Paragraph Unity and Coherence

Paragraphs should have both coherence and unity. A paragraph with unity develops a single idea thoroughly and links it to the rest of the paper. Paragraph coherence is achieved when sentences are ordered in a logical manner and when clear transitions link sentences.

Paragraph unity:

  • Develop a paragraph around a major idea. Express this idea in the topic sentence.
  • Make the relationship between the main idea of the paragraph and the thesis of the paper clear. Don’t assume that the reader will “get it.” Spell it out for him/her. 
  • Support the main idea of the paragraph with details.
  • Create separate paragraphs for those details that explore your topic from different perspectives.
  • Eliminate sentences that do not support the main idea. Alternately, you may revise the main idea to include those sentences.

Look at the following examples from a paper that has the thesis: “Despite the amount of foreign aid pouring in, social conditions in Zeeland remain bleak because the aid is used for military purposes.”

Example 1 (without unity)
Robert Bee wrote, “The Zeeland massacre illustrates the need for greater control and vigilance.” This is related to the thesis. Some 20,000 people disappeared from the villages. Financial mishandling can lead to great misfortune. Corruption in the government was exposed repeatedly to no avail. A police force, under orders to eliminate suspected terrorists, grabbed political dissidents and their families.

Example 2 (unified)
The pogrom of May 3, 1987 exemplifies how foreign aid funds were appropriated for repressive rather than social development purposes. On that day, some 20,000 people were abducted from villages in the countryside, charged as traitors and summarily executed. Then governor-for-life Zeely Zeelafsun had recently used $5 billion in aid to create a standing paramilitary police force. Without some restrictive control over the aid, human rights organizations were unable to prevent the buildup and unleashing of this disaster. Robert Bee, the director of the Development as Freedom Foundation wrote, “The Zeeland massacre illustrates the need for greater control and vigilance.”

In the first paragraph it is hard to tell what the topic sentence is, let alone how all the sentences belong together. The reader is not informed who Robert Bee is. The words “related to” in the second sentence don’t give the reader any sense of what the relationship is. The second paragraph provides a tight topic sentence that links the main idea of the paragraph to the central argument of the paper. It eliminates details that do not fall under the topic and adds details that are relevant to the reader’s understanding of the events and their relation to foreign aid.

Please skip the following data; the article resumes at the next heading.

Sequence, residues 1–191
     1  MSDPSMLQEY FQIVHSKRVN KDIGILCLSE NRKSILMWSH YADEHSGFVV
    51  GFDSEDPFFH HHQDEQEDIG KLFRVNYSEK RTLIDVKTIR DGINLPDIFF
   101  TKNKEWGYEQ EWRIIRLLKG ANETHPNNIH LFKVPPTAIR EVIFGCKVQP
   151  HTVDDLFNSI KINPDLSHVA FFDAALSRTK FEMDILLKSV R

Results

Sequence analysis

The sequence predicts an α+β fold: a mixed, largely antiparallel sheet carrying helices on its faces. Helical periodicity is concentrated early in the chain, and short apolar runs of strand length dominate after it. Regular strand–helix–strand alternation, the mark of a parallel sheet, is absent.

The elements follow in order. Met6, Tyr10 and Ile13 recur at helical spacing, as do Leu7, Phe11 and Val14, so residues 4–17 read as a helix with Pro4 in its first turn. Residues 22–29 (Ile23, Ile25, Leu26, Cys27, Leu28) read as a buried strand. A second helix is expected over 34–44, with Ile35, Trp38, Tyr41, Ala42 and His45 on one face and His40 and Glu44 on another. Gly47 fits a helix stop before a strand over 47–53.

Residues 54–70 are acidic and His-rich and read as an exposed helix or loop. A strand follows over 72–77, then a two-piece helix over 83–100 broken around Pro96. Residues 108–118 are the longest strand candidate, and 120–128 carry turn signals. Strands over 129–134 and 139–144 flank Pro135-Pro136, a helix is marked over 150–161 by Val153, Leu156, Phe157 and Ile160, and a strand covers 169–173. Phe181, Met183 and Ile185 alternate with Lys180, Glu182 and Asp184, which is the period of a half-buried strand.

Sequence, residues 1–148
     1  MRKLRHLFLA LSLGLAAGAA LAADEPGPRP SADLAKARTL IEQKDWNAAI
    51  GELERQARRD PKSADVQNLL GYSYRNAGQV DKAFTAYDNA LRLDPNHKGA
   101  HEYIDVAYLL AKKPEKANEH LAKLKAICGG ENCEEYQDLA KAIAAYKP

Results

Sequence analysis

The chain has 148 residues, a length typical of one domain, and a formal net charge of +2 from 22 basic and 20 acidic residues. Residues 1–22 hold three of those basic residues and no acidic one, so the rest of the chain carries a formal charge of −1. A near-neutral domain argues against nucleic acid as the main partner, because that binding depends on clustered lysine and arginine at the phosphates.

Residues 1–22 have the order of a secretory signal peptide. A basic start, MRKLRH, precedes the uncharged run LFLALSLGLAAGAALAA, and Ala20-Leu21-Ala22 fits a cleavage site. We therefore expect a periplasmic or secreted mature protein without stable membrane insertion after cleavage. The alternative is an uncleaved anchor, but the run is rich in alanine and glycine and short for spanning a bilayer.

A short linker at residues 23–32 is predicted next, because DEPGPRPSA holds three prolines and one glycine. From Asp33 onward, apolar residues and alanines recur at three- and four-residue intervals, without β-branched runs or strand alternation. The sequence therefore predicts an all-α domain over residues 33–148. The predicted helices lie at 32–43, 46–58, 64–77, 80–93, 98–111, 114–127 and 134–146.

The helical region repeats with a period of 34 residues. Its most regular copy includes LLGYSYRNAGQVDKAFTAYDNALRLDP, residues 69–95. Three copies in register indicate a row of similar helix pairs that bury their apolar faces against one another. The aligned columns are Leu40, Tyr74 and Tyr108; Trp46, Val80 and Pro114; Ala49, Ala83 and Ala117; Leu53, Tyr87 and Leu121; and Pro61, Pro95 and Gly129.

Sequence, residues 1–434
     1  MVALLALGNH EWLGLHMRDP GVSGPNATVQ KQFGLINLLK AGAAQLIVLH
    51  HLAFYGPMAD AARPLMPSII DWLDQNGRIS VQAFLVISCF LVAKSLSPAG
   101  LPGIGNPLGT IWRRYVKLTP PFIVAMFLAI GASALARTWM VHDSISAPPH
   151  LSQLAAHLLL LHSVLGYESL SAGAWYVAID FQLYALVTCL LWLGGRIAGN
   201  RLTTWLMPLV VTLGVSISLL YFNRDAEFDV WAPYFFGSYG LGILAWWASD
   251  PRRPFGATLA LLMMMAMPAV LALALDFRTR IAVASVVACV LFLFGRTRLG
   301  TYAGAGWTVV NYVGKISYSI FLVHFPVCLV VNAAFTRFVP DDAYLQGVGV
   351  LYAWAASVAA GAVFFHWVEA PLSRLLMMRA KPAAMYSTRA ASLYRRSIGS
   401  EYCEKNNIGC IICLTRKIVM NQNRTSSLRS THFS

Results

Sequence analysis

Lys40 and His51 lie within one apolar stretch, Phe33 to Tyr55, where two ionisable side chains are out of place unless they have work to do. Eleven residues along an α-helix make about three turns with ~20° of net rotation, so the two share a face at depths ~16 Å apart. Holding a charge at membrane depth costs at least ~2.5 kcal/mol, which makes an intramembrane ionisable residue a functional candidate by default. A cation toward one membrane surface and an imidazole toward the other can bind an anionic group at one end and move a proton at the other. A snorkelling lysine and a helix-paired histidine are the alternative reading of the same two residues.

Paragraph coherence:

Decide on an order for your sentences that will best develop the paragraph’s main idea. Your supporting sentences are raw materials. They will not make sense to a reader unless they are put in order.

This order could be based on several factors:
  • Chronological sequence. This is useful for describing a sequence of events.
  • Modified chronology. Sometimes a major idea presented early in a paragraph can be supplemented with necessary background information.
  • Spatial position of different objects. This method is useful for description. ‘Conversation’ between different experts. By moving between a series of key positions, a writer can establish a sense of dialogue and develop a complex argument.
  • Logical form of argument. Some form of logical proof, like a syllogism, can serve as the basis for order.

Once you have put your sentences in order, express the connections between them with transitional words or phrases. Think of these as signposts to guide the reader through your paragraph. They should be clear.

Examples (transitions in bold):

1) Chronological sequence
Topic sentence: Our journey was filled with misfortune and luck.
  • After the car broke, we had to walk several miles.
  • Having eaten little for lunch, we were soon wearied. 
  • While we wanted to continue toward town, we had to rest. 
  • It was at that moment that a trucker offered us a ride.

2) Expert Conversation
Topic sentence: Karl Marx and Michel Foucault produced influential and superficially similar but ultimately conflicting understandings of the way that power struggles determine truth.
  • Marx, writing in the mid-nineteenth century, asserted that truth was the product of conflicts between classes, or groups of people positioned differently in historical economic power arrangements.          
  • While agreeing with Marx’s recognition of the way that power struggles and history alter truth, Foucault was more skeptical about Marx’s identification of classes as the primary actors in the struggle.
  • Instead, Foucault suggested that an examination of the claims made about sexuality and appropriate punishments revealed a complex give and take between various social groups and interests, all of which sought to establish dominance by controlling meaning.
  • Marxist critics of Foucault argue in response that removing the focus from class eliminates a broad view of social conflict necessary to seeing how economic and political changes shape our everyday understanding.